We ate every meal, breakfast lunch and dinner, in the breezy shade of our veranda. We spent long lazy evenings chatting, eating and drinking, catching up with our varied lives. A favourite meal was when we agreed to a first use of our new raclette. We all ate far too much, covering mountains of potatoes with self-melted cheese and various charcuterie slices, chunks of baguette, roasted tomatoes, buttered courgettes, leafy salads, mushrooms, fried eggs and much more. We ate until full, paused for a drink and a chat, then ate more. This was what days in France were made for; warm nights, fine food, great friends. We hope to be able to welcome everyone back again very soon.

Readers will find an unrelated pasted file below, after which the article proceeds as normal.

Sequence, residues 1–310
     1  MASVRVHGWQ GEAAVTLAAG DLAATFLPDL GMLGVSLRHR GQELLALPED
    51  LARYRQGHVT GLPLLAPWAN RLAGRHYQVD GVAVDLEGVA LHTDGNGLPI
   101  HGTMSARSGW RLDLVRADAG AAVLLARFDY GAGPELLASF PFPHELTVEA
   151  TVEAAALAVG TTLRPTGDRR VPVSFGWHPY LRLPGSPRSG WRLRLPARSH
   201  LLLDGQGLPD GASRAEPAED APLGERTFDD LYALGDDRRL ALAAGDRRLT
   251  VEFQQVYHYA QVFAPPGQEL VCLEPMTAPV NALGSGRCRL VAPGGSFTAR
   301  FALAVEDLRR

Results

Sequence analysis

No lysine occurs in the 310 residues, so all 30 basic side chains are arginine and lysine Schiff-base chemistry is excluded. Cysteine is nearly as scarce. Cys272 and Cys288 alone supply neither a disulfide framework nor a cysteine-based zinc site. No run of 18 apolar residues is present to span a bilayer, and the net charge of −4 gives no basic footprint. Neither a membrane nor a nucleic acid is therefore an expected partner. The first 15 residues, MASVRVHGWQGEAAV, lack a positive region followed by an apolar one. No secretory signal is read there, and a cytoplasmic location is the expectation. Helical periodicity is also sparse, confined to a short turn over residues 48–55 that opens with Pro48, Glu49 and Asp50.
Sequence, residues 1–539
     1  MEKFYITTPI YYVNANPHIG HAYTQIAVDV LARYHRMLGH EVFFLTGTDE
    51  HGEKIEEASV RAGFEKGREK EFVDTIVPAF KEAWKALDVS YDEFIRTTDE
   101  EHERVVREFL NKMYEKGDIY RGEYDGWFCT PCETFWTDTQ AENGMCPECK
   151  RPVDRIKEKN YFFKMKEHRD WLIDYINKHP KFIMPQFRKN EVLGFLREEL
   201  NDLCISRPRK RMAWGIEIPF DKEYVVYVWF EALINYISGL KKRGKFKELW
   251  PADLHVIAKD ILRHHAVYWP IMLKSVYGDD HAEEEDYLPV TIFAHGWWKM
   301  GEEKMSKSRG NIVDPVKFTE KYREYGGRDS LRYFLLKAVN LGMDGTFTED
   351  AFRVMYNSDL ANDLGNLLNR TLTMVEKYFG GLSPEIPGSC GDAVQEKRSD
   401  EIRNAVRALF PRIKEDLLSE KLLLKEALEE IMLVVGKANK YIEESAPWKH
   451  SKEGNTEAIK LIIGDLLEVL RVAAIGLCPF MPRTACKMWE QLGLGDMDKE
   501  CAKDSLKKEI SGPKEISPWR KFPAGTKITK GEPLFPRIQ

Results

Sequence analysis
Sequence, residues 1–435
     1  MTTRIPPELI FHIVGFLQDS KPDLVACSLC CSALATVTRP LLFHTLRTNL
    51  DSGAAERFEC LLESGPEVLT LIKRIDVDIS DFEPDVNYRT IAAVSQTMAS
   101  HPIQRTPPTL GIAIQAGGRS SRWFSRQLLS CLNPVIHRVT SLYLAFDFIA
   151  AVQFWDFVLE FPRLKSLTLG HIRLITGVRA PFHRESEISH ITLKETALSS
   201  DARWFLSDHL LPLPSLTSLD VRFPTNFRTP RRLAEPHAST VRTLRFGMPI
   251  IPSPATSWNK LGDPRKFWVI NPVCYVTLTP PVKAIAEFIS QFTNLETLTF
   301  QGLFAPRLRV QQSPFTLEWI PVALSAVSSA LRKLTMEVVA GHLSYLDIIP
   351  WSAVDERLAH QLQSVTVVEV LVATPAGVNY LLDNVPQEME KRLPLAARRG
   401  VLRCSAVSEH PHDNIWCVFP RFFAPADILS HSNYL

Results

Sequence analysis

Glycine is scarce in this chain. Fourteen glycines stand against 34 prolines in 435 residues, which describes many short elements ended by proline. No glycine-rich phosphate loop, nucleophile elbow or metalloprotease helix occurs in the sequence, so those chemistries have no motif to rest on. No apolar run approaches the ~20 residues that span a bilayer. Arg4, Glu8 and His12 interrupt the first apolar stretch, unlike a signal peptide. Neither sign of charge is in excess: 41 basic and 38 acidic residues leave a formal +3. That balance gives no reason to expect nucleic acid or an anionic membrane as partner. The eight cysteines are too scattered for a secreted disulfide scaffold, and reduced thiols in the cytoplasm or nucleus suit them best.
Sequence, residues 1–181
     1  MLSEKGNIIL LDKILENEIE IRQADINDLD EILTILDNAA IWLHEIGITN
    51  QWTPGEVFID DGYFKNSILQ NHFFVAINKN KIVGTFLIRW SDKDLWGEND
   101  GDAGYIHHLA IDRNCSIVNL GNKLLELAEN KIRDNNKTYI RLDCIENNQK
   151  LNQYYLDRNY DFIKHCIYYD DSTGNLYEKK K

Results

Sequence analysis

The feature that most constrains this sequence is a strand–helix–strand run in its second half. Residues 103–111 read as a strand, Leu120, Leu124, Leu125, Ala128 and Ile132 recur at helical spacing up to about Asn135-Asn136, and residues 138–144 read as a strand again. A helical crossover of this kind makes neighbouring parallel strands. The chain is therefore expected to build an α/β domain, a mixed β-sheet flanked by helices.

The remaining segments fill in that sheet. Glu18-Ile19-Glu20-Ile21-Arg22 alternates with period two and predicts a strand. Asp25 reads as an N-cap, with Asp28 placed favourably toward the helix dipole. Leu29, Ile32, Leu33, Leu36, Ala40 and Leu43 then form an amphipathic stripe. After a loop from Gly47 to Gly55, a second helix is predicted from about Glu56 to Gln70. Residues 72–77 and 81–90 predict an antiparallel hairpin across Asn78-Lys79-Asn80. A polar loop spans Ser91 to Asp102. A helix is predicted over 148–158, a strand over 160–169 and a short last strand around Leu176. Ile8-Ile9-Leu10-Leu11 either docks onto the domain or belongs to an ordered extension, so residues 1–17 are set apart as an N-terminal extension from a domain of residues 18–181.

We said our goodbyes as clouds began to slowly gather, our hosting now complete, for a while at least. We will take a few days to gather and organise ourselves and then we will head off for a month in Benny, to experience Provence and the Cote d’Azur. We have entered a few 10km races to add a skeleton of structure to our travel plans, but beyond those fixed dates our days are open, free and easy, so we will see where the winds and our whims take us.